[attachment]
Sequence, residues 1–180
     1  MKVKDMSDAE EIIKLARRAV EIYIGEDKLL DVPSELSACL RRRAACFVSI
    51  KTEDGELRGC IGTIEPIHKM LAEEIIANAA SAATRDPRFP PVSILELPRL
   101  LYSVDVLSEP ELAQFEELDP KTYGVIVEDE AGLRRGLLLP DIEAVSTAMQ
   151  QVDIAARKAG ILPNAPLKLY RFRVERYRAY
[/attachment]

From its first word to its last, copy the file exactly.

Sequence, residues 1–180
     1  MKVKDMSDAE EIIKLARRAV EIYIGEDKLL DVPSELSACL RRRAACFVSI
    51  KTEDGELRGC IGTIEPIHKM LAEEIIANAA SAATRDPRFP PVSILELPRL
   101  LYSVDVLSEP ELAQFEELDP KTYGVIVEDE AGLRRGLLLP DIEAVSTAMQ
   151  QVDIAARKAG ILPNAPLKLY RFRVERYRAY